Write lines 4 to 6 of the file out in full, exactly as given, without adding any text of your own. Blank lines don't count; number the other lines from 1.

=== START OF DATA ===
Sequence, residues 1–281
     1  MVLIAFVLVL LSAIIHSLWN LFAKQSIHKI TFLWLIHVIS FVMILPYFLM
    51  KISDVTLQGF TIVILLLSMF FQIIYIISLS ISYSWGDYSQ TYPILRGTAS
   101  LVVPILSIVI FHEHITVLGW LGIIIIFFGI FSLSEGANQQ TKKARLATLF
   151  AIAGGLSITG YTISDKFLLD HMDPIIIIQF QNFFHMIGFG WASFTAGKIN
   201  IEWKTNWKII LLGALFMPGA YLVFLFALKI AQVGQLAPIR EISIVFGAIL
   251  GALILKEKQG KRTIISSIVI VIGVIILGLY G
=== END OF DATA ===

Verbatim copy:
   101  LVVPILSIVI FHEHITVLGW LGIIIIFFGI FSLSEGANQQ TKKARLATLF
   151  AIAGGLSITG YTISDKFLLD HMDPIIIIQF QNFFHMIGFG WASFTAGKIN
   201  IEWKTNWKII LLGALFMPGA YLVFLFALKI AQVGQLAPIR EISIVFGAIL